I have the following class:

class temp_con():
    def __init__(self):
        self.t = 0
    @property
    def t(self):
        return self.t
    @t.setter
    def t(self,value):
        self.t = value

I need to use it to compare against a number following this logic:

if num <= temp_con.t - 2:
    #dothing

However i get the error:

Type error: unsupported operand type for -: 'property' and 'int'<

I have tried int(temp_con.t) and getattr(temp_con, t) but those did not work.

How can I utilize the property as an int?

  • 4
    return self.t doesn't return 0, it returns the function t (which is a property getter). You should distinguish between the attribute and the property getter. Set self._t = 0 – Peter Wood Jul 4 '17 at 21:59
  • 1
    This question seems to be confused on multiple fronts about the difference between members of a class and members of an instance of a class. For example, temp_con is declared as a class, but in the usage example it appears temp_con is also being used as a variable which is expected to be an instance. – Daniel Pryden Jul 4 '17 at 22:00
  • answer was a combination of the first 2 answers. – drako234 Jul 4 '17 at 22:12
up vote 6 down vote accepted

You need to use separate names for the property and the attribute it wraps. A good convention is to use the property name prefixed with a _ as the attribute name.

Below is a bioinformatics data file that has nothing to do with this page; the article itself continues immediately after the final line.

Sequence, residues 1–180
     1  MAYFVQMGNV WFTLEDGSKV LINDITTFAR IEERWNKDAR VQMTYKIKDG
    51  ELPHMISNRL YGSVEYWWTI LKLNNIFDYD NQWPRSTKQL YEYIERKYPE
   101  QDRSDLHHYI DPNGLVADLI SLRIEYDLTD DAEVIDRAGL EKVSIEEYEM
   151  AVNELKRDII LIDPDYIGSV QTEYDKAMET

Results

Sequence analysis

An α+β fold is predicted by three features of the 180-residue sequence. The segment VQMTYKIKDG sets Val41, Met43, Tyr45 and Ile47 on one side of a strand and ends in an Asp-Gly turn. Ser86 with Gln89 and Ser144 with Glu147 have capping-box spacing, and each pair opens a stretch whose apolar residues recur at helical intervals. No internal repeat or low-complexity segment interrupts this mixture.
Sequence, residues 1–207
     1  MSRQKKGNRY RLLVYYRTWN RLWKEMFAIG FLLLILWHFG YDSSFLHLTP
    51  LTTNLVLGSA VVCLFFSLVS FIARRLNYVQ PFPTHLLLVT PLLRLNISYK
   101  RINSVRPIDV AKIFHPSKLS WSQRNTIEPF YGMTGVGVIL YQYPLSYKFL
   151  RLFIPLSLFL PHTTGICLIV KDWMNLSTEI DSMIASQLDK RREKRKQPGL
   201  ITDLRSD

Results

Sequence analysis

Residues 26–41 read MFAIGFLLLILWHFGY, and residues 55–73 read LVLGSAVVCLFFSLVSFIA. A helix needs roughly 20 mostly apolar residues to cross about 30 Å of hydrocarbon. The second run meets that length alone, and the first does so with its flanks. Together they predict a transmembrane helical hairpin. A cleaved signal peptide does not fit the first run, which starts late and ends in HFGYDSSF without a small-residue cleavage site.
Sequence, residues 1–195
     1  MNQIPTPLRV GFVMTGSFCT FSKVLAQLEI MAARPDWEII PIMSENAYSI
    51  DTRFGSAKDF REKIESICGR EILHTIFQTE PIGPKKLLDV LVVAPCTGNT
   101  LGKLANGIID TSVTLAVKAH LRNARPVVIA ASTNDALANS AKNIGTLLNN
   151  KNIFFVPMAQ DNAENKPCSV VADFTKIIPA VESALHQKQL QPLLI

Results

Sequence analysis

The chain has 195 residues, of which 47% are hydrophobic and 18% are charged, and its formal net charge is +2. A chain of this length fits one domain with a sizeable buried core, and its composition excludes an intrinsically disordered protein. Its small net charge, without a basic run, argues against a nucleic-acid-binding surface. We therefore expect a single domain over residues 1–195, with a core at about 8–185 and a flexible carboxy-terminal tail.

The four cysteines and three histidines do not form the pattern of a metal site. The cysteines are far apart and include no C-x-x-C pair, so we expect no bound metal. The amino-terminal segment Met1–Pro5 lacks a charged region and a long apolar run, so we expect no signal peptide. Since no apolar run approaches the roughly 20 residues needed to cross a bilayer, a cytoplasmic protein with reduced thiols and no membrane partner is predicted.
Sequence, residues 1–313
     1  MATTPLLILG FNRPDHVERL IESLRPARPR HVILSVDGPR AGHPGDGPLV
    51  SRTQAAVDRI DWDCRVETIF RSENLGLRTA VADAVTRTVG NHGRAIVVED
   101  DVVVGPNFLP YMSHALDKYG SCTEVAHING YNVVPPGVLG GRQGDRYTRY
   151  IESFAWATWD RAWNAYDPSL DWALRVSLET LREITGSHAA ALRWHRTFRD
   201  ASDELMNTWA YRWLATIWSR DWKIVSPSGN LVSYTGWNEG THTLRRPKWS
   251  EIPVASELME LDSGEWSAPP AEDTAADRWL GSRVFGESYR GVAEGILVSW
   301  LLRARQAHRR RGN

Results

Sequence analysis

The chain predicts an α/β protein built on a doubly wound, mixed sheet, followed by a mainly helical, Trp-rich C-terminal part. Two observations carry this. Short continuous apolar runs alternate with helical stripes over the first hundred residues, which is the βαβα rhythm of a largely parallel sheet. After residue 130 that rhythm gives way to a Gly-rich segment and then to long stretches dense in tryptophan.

class TempCon:
    def __init__(self):
        self._t = 0

    @property
    def t(self):
        return self._t

    @t.setter
    def t(self, value):
        self._t = value

Then you can access the property on an instance of the class.

temp_con = TempCon()
print(temp_con.t)
temp_con.t = 5
print(temp_con.t)

You're accessing t on CLASS, not on an OBJECT of CLASS.

Try:

q = temp_con()
if num <= q.t - 2:
  pass

In you code temp_con.t returns property object, which wraps getter (and setter) you've defined in your class code, but it doesnt execute it.

UPDATE: (memo: read twice) There's also another problem with your code. First (well, it's second in code, but it will happen first) you define getter t, then later you OVERWRITE it with self.t = 0. As a result you'll get (as t) property accessible as a class member (which happens in your example) and value 0 as object's member.

You need an instance of the class in order to use the property and, as pointed out in other answers, you need to use a different name for your object variable. Try:

class temp_con():
    def __init__(self):
    self._t = 0
@property
    def t(self):
    return self._t
@t.setter
    def t(self,value):
    self._t = value

my_temp_con = temp_con()

if num <= my_temp_con.t - 2:
    pass

Thus, to access the value of the property and not the property function, you have to access it through my_temp_con.t.

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